A college student has been mistakenly sent a box of parts for a government drone worth $350,000 (£206,307) addressed to him, but when he informed UPS of its mistake, the delivery company told him that it was "up to him" if he decided to keep the item.
Reddit user Seventy_Seven posted on the popular social bookmarking website that he had been sent a large box containing the wings and control panel for a Puma AE small unmanned aircraft designed for land and sea operations to "spy on nature", according to the National Oceanic and Atmospheric Administration (NOAA).
Also included in the box was a card that read: "USA Federal Property Return to: NOAA Aircraft Operations Center", containing an address and a phone number for the NOAA. The user called UPS but was told that the drone parts now belonged to him (view images of the drone parts here).
"The UPS guy said that this had been in storage, and was something that had been lost in transit, or in some other way went undelivered. He kept saying that it was mine, and something that was intended to be delivered to me, but didn't make it originally," said Seventy_Seven on his Reddit post.
"Nothing on the outside of the crate said it was government property. I had ordered a weightlifting bench (which I received) and this came with it. Both boxes had UPS labels with my name and address. Though an odd box, I genuinely thought it was parts for the bench I ordered, since I wasn't expecting a freaking drone."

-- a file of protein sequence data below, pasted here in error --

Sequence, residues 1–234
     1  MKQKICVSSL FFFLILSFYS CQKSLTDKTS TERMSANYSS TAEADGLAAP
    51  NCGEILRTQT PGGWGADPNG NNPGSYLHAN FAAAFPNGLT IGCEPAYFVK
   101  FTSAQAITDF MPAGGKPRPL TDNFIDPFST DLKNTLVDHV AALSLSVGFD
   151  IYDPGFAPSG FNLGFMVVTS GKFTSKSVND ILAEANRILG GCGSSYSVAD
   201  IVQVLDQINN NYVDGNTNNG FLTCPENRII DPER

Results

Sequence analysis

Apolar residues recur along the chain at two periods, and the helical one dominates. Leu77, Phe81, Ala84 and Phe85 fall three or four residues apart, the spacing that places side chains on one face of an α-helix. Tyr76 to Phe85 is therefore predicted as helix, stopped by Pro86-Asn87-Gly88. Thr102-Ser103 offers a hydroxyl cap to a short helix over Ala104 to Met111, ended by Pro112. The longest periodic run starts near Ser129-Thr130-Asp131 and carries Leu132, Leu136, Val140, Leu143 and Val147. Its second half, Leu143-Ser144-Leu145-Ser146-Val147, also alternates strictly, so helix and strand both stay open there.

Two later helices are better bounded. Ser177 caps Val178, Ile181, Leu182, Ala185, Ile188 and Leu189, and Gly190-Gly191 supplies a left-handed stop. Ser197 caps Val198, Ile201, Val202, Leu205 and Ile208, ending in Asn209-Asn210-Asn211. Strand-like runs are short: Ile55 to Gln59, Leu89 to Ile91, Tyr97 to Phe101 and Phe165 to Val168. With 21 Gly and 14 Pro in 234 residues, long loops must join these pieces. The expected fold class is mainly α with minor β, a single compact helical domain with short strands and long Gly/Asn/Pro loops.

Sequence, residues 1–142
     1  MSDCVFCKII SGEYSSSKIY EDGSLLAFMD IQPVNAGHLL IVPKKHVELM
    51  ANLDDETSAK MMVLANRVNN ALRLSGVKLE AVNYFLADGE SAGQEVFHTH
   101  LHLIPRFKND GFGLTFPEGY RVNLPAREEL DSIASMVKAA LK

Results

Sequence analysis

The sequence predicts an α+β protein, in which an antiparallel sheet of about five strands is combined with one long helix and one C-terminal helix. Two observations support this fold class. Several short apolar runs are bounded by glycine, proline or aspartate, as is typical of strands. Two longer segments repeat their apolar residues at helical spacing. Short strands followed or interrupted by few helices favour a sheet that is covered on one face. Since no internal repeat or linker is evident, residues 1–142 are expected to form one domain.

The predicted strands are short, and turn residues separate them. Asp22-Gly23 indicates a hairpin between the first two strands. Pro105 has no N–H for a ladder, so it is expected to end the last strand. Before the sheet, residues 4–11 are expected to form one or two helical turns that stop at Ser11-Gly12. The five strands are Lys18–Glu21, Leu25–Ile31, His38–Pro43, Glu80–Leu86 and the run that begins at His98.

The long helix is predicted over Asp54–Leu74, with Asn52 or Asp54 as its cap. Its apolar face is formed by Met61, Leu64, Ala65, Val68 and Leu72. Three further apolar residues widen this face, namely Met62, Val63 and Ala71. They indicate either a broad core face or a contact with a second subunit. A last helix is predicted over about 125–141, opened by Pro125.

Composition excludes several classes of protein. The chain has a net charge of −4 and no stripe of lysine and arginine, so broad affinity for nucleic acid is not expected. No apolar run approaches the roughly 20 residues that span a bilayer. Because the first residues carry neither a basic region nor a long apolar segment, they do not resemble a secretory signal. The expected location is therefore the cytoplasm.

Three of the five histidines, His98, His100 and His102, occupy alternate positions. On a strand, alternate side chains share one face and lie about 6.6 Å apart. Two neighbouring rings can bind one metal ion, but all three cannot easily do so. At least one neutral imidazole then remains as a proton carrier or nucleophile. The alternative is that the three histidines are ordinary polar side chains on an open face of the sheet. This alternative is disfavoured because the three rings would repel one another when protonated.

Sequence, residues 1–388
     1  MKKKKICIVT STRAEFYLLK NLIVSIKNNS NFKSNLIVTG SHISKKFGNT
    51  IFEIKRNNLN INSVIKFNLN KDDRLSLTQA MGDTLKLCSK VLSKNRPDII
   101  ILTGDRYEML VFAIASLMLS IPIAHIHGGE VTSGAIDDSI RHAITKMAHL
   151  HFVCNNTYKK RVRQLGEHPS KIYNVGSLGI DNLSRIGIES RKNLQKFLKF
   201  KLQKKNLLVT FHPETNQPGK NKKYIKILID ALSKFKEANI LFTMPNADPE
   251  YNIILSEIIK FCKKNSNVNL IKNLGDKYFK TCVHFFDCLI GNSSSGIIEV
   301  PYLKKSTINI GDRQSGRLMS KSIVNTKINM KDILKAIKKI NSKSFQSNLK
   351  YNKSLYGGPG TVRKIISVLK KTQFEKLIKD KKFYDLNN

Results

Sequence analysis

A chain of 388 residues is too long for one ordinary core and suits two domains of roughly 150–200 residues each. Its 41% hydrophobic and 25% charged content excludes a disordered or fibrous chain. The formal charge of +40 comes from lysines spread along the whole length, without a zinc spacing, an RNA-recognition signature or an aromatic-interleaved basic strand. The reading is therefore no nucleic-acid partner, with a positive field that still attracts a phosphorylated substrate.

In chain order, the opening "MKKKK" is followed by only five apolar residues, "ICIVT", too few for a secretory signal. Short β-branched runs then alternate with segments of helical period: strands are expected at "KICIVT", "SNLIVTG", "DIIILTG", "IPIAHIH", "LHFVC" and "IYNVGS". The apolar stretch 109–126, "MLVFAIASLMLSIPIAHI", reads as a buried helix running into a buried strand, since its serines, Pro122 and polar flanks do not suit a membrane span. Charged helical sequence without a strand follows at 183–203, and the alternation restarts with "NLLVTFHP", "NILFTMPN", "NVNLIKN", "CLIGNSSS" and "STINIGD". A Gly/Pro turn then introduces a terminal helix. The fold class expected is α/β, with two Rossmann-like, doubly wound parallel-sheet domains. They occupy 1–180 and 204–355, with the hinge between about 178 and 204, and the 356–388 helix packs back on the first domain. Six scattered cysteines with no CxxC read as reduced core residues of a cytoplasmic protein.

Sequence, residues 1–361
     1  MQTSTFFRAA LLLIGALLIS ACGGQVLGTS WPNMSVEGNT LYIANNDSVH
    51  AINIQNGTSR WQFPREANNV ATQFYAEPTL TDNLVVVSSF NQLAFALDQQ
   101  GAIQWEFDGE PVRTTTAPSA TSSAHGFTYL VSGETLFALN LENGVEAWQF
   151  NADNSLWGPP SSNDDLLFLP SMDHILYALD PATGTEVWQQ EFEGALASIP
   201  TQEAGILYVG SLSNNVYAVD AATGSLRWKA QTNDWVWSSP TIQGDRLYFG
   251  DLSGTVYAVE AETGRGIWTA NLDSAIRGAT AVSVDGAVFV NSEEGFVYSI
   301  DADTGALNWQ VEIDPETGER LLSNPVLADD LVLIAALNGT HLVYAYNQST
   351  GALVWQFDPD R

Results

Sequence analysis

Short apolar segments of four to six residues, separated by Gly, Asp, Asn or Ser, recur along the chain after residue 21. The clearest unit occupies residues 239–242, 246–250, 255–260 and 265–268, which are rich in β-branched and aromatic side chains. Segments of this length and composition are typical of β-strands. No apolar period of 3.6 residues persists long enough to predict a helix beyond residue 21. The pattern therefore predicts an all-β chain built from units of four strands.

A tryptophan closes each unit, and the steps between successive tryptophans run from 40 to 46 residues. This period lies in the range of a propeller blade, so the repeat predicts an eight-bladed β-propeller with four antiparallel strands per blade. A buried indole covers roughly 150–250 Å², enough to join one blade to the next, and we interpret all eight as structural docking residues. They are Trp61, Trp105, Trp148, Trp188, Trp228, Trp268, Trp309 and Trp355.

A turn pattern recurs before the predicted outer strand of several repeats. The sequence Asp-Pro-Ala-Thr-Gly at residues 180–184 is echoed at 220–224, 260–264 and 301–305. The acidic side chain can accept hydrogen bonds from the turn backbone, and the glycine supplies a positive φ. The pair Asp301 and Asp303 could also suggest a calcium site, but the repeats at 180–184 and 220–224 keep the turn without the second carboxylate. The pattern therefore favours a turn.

Seventy_Seven said that he was updating the page and making calls to find the owner of the drone between classes in college
One of eight parts
"We sent one of our Puma unmanned aircraft systems to Stellwagen Bank Marine Sanctuary in Massachusetts. We sent a set of about eight boxes for this one aircraft system, and one was misdelivered by UPS. We're working with UPS to find it," NOAA spokesperson David Miller told Vice magazine.
"I can tell you that it didn't come from us addressed to him. We're just wanting to get that missing package to the sanctuary to we can start flying the mission."
The NOAA will be arranging with the user to have the drone parts delivered to the correct place.
The Puma AE can fly for 3.5 hours and has a communication range of 15km. It carries both an electro-optical (EO) and infrared (IR) camera, together with an illuminator on a lightweight mechanical gimbaled payload.